“One million, two million, or what?” Mr. Gunter is quoted as saying. “Peters stated that the Mashpees were not seeking a monetary settlement. He said they wanted their land and their waters returned to the tribe to be preserved for future generations of Mashpees,” Mr. Campisi writes.

In the second narrative, the Mashpee tribe was interested in a cash settlement, but the idea was killed by the Mashpee Board of Selectmen. That account is reflected in the book, “Restitution: The Land Claims of the Mashpee, Passamaquoddy and Penobscot Indians of New England,” by Paul Brodeur.

Mr. Brodeur, a reporter for The New Yorker magazine at the time, writes that a US Senate subcommittee had drafted last-minute legislation in September of 1977 that would have given clear title to all lands occupied by private homes or businesses in return for a federal payment to the tribe of $4 million. It was the Mashpee selectmen who refused to approve the legislation, not the tribe members, according to Mr. Brodeur.

There was support for settling within the tribe, recalled John Peters. “It was the selectmen’s opposition and the opposition of their lawyer, James St. Clair. They were saying you couldn’t separate the private landowners from the settlement and only include public lands. It was all or nothing.”

Whether the Mashpee Wampanoag Tribe would have preferred a settlement at some point seems lost to history. Almost universally, the decision to pursue the land suit and forgo a settlement is now seen by tribe members as a noble journey.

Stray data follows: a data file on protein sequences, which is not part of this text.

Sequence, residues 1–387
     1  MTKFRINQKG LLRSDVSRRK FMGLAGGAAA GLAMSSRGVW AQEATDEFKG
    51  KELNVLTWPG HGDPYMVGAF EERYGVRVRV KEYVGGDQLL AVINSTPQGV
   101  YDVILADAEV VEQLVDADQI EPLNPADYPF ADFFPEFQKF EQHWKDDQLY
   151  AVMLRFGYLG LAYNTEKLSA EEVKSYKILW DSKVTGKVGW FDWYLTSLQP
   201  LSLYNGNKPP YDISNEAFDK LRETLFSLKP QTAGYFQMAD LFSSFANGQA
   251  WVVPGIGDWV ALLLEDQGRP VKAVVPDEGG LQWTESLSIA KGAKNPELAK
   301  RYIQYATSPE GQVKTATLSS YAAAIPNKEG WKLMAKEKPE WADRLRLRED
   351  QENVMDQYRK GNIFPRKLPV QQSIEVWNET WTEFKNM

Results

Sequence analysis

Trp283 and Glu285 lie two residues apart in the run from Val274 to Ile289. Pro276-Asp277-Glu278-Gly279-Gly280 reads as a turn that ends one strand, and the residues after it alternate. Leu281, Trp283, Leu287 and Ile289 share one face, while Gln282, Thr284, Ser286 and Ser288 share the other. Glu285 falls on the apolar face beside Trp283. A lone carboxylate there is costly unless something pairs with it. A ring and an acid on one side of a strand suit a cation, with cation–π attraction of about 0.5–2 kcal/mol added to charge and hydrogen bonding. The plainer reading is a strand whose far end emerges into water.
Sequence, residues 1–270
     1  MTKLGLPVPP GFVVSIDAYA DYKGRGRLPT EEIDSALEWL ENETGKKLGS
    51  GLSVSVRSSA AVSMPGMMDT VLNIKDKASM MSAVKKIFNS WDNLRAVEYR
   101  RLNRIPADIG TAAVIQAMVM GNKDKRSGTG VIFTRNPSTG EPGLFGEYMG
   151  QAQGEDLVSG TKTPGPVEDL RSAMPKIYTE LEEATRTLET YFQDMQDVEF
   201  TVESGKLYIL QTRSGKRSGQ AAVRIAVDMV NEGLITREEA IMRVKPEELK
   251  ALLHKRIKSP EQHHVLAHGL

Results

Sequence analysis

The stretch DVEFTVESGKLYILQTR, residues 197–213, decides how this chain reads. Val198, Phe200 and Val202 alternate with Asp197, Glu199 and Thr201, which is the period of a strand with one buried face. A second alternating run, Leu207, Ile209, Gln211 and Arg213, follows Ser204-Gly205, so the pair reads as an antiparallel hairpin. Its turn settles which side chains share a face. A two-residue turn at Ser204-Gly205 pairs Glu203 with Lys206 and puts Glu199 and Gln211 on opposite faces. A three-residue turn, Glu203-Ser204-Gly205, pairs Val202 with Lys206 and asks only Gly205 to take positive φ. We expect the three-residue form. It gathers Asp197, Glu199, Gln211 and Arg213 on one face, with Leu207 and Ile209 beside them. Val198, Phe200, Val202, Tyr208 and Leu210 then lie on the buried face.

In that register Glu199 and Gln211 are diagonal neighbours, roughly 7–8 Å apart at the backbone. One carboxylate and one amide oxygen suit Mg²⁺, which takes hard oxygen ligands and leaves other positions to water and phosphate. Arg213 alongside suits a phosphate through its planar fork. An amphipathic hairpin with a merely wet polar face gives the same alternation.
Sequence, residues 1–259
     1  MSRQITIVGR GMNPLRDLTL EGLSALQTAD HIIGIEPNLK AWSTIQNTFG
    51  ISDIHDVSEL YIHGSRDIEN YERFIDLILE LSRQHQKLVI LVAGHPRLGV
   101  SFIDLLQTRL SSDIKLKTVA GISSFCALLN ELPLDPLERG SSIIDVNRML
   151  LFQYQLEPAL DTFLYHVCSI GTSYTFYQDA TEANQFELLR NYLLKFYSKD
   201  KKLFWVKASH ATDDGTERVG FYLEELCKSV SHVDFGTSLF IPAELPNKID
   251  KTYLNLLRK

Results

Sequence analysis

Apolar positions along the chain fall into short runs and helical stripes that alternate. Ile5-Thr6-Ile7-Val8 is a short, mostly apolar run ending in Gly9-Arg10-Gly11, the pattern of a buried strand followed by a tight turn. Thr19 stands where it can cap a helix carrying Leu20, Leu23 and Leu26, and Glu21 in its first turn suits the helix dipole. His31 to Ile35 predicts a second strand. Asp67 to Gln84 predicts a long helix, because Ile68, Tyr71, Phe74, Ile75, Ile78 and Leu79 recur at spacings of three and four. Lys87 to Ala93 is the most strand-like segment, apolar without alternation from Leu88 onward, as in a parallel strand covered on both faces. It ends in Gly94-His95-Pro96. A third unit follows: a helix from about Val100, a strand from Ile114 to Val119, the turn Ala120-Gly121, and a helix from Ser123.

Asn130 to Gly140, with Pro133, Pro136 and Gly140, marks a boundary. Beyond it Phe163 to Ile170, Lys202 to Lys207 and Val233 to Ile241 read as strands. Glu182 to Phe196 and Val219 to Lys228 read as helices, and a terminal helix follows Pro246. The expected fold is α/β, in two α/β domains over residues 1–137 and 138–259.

“We couldn’t see into the future, but our instincts told us that there were was something better ahead, and that we should wait,” said Mr. Lopez, the Mashpee chief. Mashpee tribe members often point out that pursuing federal recognition in the ‘70s had nothing to do with getting a casino, as the law that allowed for Indian gaming wasn’t passed until 1988.

“Of course, we didn’t know what the road ahead held for us, but it was clear that the only course to take was to pursue federal recognition,” Mr. Lopez said.

By 1983, the Mashpees had clearly soured on the idea giving up aboriginal rights in a monetary settlement. In a letter dated December 13, 1983, the Mashpee tribal council told the Aquinnah tribe that it did not support the Aquinnah’s proposal under the Massachusetts Indian Land Claim Act. Top among their concerns was that the settlement was worded so broadly that it might have been seen as including the Mashpee and Aquinnah tribes together, even though the Mashpees had no part in it, according to Mr. Peters.

Further, the Aquinnah were giving up too much, the Mashpees said. The settlement, “eliminates all Indian claims of any kind, whether possessory, monetary, or otherwise, wither aboriginal or under recognized title involving lands and waters in the Town of Gay Head, and that effectively clears the titles to all land in Gay Head of any such claims, whether asserted in the past, present or future,” according to the letter.

We are not saying that [the Aquinnah] are wrong, by no means...But sometimes patience is a virtue and it paid off for us.

                Joan Tavares Avant                                         Former Tribal Council President

Not everyone agrees that Mashpee is better positioned for the future as a result of its decisions in the past.

“They [Aquinnah] have a beautiful community building,” said Mashpee elder Amelia G. Bingham. “And what have we got? We’ve got nothing. We owe everything to everyone under the sun. This debt will be passed down to my great-grandchildren.”